The highlight of next week’s economic calendar will be the two-day meeting of Federal Reserve’s policy setting committee.
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Not too long ago a rate hike at the March 15-16 meeting was considered virtually a certainty. Now members of the Federal Open Market Committee will almost certainly hold off on another rate hike, probably until the Fed’s June meeting. The implied probability based on Fed Funds futures sits at 49% for a June hike.
The Fed’s two-day meeting wraps up with the release of a policy statement at 2:00 p.m. Wednesday and central bankers are widely expected to keep interest rates at their current 0.25%-0.50% range. Fed Chair Janet Yellen will hold a press conference at 2:30 p.m. on Wednesday.
“The Federal Reserve will likely keep the target rate for the federal funds rate unchanged at 0.25–0.50%, since low inflation and instability in global financial markets persist,” analysts at IHS Global Insight said in a note Friday.
The Fed will also release economic forecasts on Wednesday that should provide some clues for analysts and various market participants as to the Fed’s long-term rate hike strategy.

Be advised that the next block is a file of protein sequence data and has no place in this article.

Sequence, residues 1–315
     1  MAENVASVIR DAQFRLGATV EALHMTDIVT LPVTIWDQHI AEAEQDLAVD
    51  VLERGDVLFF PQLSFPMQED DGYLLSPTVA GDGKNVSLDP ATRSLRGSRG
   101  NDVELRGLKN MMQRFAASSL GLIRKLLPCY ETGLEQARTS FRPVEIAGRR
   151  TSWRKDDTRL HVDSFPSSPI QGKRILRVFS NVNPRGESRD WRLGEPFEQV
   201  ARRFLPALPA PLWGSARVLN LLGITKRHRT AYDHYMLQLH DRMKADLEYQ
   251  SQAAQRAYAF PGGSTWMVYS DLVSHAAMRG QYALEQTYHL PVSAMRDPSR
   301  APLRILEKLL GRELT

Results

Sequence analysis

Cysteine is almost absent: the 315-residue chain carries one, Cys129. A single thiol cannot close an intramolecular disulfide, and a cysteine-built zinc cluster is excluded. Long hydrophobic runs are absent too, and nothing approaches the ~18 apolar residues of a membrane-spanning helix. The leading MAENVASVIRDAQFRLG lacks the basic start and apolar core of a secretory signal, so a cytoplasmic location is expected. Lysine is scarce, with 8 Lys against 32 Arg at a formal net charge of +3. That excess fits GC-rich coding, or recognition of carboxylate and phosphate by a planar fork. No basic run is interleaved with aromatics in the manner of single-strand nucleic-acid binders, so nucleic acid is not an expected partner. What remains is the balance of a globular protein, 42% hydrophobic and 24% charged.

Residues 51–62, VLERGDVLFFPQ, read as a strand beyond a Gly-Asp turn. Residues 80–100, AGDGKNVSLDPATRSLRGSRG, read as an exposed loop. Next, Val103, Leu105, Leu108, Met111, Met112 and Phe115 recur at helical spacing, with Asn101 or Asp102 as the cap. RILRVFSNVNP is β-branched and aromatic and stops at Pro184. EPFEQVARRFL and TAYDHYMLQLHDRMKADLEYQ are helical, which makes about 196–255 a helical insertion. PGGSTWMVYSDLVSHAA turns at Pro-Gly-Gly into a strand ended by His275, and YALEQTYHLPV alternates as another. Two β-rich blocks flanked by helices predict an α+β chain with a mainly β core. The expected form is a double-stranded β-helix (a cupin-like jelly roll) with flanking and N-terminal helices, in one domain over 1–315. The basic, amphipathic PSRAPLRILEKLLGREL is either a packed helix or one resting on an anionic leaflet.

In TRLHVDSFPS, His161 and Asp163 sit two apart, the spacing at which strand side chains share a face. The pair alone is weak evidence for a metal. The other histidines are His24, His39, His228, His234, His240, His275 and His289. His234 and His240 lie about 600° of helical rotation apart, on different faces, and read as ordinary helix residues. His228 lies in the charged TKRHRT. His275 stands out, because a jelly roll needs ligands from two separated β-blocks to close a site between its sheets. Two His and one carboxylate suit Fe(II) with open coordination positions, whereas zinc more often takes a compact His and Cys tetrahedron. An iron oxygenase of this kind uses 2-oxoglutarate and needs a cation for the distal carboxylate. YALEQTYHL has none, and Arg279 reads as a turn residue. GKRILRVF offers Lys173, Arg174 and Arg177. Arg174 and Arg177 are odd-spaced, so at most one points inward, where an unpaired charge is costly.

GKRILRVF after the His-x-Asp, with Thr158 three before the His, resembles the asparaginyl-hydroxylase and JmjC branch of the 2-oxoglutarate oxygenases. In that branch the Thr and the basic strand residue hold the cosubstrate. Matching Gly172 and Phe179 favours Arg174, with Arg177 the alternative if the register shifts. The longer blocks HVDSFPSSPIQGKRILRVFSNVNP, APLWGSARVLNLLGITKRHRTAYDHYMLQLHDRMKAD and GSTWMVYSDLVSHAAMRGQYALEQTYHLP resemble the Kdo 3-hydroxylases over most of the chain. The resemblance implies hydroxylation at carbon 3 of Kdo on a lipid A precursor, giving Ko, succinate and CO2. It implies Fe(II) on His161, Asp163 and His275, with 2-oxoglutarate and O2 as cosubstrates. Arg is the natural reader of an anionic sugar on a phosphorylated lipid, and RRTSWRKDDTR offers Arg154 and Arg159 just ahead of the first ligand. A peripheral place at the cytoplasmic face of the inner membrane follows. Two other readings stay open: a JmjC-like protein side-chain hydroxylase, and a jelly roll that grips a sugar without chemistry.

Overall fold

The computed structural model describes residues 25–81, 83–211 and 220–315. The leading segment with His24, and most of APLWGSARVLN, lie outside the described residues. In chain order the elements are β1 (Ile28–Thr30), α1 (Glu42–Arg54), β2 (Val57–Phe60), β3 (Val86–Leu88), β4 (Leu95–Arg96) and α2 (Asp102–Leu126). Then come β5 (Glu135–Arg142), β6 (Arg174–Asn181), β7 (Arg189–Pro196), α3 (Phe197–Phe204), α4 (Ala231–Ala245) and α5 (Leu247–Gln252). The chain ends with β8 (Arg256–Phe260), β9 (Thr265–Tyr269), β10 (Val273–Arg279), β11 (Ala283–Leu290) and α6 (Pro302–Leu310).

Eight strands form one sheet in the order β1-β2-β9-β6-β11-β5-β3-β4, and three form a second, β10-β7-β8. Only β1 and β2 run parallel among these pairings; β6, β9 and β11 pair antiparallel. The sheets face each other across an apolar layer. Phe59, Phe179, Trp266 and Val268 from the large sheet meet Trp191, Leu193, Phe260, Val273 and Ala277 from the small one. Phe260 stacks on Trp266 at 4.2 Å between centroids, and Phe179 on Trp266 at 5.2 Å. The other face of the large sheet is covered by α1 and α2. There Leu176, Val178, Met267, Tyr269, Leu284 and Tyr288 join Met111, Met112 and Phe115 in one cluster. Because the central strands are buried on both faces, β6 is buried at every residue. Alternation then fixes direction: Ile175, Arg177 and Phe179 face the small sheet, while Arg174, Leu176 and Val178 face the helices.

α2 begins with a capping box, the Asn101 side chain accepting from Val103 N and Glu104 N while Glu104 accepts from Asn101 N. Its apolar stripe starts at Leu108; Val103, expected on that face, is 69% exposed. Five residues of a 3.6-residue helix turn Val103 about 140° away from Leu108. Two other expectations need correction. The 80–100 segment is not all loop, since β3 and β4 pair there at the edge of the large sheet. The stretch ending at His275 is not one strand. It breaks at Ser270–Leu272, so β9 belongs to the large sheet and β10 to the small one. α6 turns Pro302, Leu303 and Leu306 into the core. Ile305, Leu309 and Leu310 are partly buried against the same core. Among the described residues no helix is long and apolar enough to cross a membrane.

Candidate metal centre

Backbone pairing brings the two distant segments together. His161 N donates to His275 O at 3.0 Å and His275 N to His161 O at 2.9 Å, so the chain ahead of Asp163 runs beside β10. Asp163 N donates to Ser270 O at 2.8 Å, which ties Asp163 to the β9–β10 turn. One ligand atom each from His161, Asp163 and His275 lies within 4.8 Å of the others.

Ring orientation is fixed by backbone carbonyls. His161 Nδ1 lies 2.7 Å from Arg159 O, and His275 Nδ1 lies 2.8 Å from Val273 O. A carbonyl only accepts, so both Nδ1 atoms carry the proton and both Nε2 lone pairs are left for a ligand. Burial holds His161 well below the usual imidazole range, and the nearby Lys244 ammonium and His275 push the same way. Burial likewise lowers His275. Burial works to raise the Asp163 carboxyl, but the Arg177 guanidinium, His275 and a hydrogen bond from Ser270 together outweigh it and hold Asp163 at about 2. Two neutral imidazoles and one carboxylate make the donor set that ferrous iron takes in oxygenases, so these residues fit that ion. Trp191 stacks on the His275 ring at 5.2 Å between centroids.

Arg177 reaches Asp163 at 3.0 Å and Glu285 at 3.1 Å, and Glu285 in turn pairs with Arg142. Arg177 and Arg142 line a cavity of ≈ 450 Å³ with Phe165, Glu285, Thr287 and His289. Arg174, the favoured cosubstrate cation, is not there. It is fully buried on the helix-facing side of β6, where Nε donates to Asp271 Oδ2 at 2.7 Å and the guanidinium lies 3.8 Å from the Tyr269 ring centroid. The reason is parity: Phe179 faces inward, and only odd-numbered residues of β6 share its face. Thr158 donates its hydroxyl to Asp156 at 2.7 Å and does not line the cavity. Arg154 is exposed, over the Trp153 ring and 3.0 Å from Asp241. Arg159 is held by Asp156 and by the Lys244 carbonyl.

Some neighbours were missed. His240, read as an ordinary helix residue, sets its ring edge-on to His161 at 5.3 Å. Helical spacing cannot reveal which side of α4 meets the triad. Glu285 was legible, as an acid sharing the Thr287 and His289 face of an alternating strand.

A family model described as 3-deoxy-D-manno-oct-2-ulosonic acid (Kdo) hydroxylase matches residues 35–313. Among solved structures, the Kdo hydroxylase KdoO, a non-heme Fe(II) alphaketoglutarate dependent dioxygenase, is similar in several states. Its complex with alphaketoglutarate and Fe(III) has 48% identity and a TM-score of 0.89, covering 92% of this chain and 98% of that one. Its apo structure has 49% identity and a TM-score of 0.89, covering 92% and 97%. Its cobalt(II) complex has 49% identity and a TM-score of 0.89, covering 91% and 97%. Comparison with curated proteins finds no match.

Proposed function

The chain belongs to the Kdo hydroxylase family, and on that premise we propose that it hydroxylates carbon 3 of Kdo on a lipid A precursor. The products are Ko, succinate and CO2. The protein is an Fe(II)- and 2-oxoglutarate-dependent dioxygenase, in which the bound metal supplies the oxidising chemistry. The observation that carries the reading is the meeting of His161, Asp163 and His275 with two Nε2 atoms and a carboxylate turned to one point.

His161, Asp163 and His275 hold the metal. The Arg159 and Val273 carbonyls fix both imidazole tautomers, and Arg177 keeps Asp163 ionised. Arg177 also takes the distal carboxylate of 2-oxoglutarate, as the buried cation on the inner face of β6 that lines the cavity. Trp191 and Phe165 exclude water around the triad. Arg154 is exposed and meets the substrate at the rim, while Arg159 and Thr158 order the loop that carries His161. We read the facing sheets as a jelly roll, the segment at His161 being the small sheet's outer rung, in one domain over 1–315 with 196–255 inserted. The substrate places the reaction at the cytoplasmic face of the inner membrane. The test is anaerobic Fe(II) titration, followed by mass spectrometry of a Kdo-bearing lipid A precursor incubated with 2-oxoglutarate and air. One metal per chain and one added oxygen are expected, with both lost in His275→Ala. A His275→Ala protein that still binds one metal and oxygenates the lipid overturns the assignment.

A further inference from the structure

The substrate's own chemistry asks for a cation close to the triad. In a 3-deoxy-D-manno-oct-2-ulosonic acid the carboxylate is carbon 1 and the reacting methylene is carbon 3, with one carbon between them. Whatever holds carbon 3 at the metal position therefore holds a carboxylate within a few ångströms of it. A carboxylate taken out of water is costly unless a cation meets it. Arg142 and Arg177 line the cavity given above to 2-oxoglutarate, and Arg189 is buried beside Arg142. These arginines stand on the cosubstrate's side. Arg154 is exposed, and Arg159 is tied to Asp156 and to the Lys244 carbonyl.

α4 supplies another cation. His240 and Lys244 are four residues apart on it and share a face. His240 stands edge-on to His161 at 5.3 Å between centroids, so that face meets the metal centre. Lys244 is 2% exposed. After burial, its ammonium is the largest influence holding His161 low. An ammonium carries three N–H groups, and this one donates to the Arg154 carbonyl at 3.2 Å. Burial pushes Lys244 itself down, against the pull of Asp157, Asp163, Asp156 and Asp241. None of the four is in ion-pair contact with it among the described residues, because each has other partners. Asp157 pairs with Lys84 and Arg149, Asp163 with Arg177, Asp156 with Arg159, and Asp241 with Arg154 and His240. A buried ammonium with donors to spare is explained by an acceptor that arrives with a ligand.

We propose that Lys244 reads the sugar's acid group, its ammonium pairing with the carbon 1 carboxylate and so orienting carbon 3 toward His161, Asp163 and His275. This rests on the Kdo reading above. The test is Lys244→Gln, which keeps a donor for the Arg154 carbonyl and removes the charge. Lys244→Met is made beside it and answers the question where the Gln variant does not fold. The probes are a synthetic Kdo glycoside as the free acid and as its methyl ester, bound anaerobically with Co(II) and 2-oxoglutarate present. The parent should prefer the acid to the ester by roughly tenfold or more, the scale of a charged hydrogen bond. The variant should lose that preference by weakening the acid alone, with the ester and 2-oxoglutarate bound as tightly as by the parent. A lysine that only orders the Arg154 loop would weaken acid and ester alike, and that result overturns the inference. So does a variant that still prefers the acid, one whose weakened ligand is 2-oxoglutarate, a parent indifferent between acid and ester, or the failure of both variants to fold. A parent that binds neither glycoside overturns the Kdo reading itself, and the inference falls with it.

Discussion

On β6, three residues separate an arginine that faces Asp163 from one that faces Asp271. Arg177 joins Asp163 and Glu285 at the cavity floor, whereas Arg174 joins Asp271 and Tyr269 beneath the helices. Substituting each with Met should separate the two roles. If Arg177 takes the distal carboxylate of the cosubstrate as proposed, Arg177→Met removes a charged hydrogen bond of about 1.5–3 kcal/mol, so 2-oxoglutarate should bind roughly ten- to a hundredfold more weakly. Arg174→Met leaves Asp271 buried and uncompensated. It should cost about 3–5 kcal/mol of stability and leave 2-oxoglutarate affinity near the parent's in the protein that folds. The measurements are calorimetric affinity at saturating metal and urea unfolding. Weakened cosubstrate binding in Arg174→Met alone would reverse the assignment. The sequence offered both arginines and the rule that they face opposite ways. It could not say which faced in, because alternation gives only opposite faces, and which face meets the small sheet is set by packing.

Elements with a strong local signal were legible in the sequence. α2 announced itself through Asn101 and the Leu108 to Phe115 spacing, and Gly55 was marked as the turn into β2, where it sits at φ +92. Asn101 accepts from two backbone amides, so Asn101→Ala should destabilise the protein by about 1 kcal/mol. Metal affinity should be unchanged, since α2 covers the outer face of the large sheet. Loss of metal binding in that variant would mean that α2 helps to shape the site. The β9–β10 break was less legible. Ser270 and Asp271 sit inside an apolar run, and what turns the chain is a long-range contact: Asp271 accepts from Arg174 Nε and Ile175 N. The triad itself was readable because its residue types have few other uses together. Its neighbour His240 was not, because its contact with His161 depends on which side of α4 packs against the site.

That strategy could well be different than the one forecast in December, when the Fed raised rates for the first time in nearly a decade based on optimism that a tightening jobs market would lift U.S. workers’ wages and push inflation higher toward the Fed’s 2% target rate. Based on that rosy forecast, the Fed suggested it would raise rates four more times in 2016.
The U.S. labor market is still chugging along, but a host of other concerns – mostly related to slowing economic growth overseas – has thrown water on the Fed’s optimism, making four additional rate hikes this year extremely unlikely.
Two key inflation indexes are also out next week. The producer price index, which measures wholesale inflation is out Tuesday, and the consumper price index, which measure prices paid by consumers is out Wednesday. February retail sales are out Tuesday.
New York Fed President William Dudley will speak on Friday and undoubtedly be asked to comment on the Fed’s rate hike decision and monetary policy going forward.